December 5, 2003

DOS -- not dead yet

Author: Adam Terrell

DOS -- that's a word you may not have heard in a while. After all, Microsoft proudly claimed "DOS is dead" when it released Windows XP. DOS is a stable and well-known operating system, but the same can be said for Linux, and some might argue that even Windows XP has become stable. So why would you run DOS when you have these newer, better operating systems?

Take a franchise or small business that simply uses the computer to make, track and deliver orders. Many of these companies still use DOS programs today.

What about new businesses? Why would they use DOS? The simple answer is that it's simple. DOS programs run faster than programs for Windows, and faster than many for Linux. On pre-Pentium or Pentium machines, DOS may be the best option for any business that wants a minimum of overhead cost and development time. DOS runs on inexpensive low-end machines. Restaurants, local bookstores, card shops, and any sort of small start-up business might look to this solution, if only they knew it was available and easy.

Most people nowadays go home to computers loaded with Windows XP, Linux, or Mac OS, and don't consider DOS a viable alternative as an operating system. It is likely that whatever they use the computer for, DOS won't meet their needs -- or will it? While DOS is not a multi-tasking operating system like the other main operating systems popular today, it still has the ability to do many of the things that those other, "better" operating systems do. For example, there is a graphical Web browser for DOS called Arachne. As long as you can download and install DOS drivers for your network card or modem, you can use Arachne to surf the Internet. You may also be surprised to learn that you can burn CDs, use long file names, play videos and MP3 music, and program in Python in native no-Windows DOS. For more information on performing these activities in DOS, visit the Interesting DOS Programs page.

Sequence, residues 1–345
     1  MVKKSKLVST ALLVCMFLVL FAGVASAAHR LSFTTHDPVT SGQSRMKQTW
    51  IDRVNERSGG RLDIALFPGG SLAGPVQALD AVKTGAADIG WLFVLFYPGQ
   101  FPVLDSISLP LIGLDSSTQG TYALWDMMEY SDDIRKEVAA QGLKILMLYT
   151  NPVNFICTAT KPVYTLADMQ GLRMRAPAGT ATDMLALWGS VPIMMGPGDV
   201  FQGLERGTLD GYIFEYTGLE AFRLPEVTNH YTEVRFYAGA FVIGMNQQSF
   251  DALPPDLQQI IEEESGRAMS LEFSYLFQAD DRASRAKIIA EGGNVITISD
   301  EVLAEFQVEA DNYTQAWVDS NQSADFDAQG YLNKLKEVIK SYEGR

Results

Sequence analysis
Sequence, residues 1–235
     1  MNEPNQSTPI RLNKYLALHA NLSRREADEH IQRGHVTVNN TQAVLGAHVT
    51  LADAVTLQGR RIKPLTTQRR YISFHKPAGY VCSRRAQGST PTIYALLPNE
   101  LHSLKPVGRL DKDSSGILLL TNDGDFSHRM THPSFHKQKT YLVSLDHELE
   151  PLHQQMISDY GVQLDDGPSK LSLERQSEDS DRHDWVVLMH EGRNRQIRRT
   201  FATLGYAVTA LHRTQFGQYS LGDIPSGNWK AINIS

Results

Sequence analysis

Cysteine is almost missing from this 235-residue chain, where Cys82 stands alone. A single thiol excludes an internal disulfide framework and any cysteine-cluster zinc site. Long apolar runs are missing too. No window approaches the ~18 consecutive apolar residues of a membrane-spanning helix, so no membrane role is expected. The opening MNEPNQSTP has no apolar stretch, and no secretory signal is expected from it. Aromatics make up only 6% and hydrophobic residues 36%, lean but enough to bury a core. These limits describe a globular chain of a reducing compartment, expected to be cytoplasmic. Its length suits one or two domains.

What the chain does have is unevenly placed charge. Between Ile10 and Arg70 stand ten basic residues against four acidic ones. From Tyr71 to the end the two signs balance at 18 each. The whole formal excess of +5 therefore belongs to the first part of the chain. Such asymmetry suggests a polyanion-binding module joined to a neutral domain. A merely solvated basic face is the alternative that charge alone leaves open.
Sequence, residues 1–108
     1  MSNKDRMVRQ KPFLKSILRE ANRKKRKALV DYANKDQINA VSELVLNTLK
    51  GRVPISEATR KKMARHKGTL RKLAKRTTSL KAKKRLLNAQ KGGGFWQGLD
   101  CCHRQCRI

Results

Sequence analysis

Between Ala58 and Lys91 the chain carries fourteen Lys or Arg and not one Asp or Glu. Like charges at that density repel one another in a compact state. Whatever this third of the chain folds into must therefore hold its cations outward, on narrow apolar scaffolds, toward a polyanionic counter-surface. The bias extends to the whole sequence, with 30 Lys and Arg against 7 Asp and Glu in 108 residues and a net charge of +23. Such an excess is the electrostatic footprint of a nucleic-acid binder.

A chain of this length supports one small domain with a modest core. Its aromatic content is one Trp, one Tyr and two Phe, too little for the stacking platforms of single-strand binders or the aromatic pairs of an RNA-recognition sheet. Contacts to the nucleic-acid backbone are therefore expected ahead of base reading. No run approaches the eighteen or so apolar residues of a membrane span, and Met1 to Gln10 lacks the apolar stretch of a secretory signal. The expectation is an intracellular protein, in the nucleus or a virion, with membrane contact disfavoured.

The final and most obvious thing a lot of people think about when they think about DOS is games. DOS has had many good games, and used to be the only OS worth writing games for. But now, with Windows XP, how can you hope to play these games again without setting up a new partition with an older Windows or DOS version? Look to DOSBox for your answer. Just a month and a half ago, DOSBox became the first emulator to release a version that allows you to run protected-mode DOS games. The DOSBox homepage also has a game compatibility list so you can see if your game will run before you try. Some popular games that work are Duke Nukem 3D, DOOM 1 and 2, Wolfenstein 3D, and Scorched Earth.

If you're interested, how can you get DOS nowadays? There are probably no retailers who would sell it to you. Look no further than FreeDOS, the GNU alternative to DOS. It runs on FAT16 or FAT32 partitions, and has many new and better features that DOS should have nowadays. You can go to the FreeDOS homepage for more details.

Adam Terrell is a student majoring in Computer Science and minoring in Math. He's had 12 years of experience using PCs and 4 years hobby programming exprience.

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